Silence, denial and the characteristic tactics of oppressing #EndSARS protesters

If there was a way to qualify the reaction of the government to the issues that birthed the #EndSARS protests and subsequent developments, it is that the government, often through security apparatuses, seems to have a knack for responding with the very grievance raised.

When people demonstrated against police brutality, what followed were more stories of oppression in the hands of security agents, as many Nigerians took to social media to tell tales of woes. Total disregard for fundamental human rights was also part of the issues raised for the government to address as youth called on the President to give an official directive. Pronouncements from the office of the Inspector General of Police appeared not to carry weight again as there had been similar cases of disbandment in the past three years with little effect on the state of things.

Yet, what Nigerians were met with was prolonged silence from the president and denial of gory incidents. The Nigerian army initially denied taking part in the Lekki shootings and Governor Babajide Sanwo-Olu also joined the denial train saying there was no casualty. The two parties, however, went back on their words, with the Lagos governor admitting to casualties and the Army claiming they were sent by the government of Lagos.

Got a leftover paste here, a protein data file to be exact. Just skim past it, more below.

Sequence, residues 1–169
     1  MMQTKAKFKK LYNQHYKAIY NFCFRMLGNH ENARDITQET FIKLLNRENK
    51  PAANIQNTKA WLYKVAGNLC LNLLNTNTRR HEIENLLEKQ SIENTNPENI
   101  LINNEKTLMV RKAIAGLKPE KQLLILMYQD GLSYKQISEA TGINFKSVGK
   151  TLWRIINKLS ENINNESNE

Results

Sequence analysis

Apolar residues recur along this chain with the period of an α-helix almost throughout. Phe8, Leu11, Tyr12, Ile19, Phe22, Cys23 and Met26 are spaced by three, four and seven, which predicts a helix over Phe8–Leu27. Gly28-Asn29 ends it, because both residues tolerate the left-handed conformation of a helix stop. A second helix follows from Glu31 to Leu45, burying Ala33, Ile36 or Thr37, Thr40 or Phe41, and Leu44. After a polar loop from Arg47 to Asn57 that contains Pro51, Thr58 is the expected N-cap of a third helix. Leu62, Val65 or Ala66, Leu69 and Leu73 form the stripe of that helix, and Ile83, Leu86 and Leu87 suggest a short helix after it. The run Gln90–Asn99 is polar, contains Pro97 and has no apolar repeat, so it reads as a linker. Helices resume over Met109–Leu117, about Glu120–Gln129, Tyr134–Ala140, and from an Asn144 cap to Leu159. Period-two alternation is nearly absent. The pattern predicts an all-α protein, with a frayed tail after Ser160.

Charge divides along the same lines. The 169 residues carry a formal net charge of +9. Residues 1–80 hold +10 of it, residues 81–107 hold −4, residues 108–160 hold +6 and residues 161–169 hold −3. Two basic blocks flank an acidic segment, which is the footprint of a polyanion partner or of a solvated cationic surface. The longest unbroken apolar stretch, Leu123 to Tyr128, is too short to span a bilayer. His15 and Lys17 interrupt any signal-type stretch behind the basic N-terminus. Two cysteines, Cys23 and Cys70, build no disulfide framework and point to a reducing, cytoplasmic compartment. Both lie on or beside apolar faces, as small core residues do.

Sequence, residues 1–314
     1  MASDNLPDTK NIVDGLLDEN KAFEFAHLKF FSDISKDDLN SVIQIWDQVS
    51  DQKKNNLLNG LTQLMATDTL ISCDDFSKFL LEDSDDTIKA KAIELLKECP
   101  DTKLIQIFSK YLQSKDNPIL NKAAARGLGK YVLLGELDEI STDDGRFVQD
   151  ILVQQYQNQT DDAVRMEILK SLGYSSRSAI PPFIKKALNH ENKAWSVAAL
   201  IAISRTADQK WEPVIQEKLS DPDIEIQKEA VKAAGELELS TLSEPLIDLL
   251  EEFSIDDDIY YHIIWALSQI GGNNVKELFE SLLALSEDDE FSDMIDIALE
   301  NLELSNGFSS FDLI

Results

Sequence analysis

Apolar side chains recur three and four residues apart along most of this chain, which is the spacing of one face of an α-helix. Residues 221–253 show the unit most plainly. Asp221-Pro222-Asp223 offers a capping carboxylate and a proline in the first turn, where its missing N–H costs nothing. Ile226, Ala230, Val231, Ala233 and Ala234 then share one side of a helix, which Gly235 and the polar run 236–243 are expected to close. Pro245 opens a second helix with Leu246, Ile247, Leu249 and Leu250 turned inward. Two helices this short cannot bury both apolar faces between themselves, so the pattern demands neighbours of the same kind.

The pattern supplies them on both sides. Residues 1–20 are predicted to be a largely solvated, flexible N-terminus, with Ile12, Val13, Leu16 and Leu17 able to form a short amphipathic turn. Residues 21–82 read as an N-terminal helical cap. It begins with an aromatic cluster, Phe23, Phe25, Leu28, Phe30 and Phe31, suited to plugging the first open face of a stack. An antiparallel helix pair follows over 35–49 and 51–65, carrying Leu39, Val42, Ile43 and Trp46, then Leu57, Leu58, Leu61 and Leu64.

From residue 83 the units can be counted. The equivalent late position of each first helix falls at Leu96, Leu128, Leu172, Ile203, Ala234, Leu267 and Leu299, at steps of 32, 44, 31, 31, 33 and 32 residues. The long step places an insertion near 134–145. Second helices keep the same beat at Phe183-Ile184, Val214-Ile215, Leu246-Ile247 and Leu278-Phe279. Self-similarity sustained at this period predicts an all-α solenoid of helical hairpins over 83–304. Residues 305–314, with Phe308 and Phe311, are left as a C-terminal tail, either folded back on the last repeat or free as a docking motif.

On the part of the presidency, it took days before a national speech was made and the president only incited more outrage with the avoidance of the #LekkiMassacre altogether.

Such silence, evasion and denial have come to become characteristic of the government and the latest apparent oppression of #EndSARS figures is the latest confirmation of what those at the helm have been consistently accused of.  

A popular figure during the #EndSARS protests, who facilitated the release of many detained youth and protesters, is Modupe “Mochievous” Odele who was stopped on her way out of the country. Her passport was reportedly seized by officers of the Department of State Security Services (SSS).

Five days after, no report is yet to be given by the SSS and Mochievous says she awaits what her offence is for her travel to have been stopped and her passport seized. Rumours of a ‘no-fly list’ being compiled by the government, among other oppressive tactics, have been flying around as some other participants in the protests have expressed their accounts being frozen by the CBN. The ministry of interior has been quick to distance itself from such actions but Nigerians are not surprised.

Every (in)action appears from a playbook that seems all too familiar with how the government responds. From silence to denial and evasiveness, the government continues to be its own bane as frustrations continue for Nigerians who find themselves running circles on perennial issues.  

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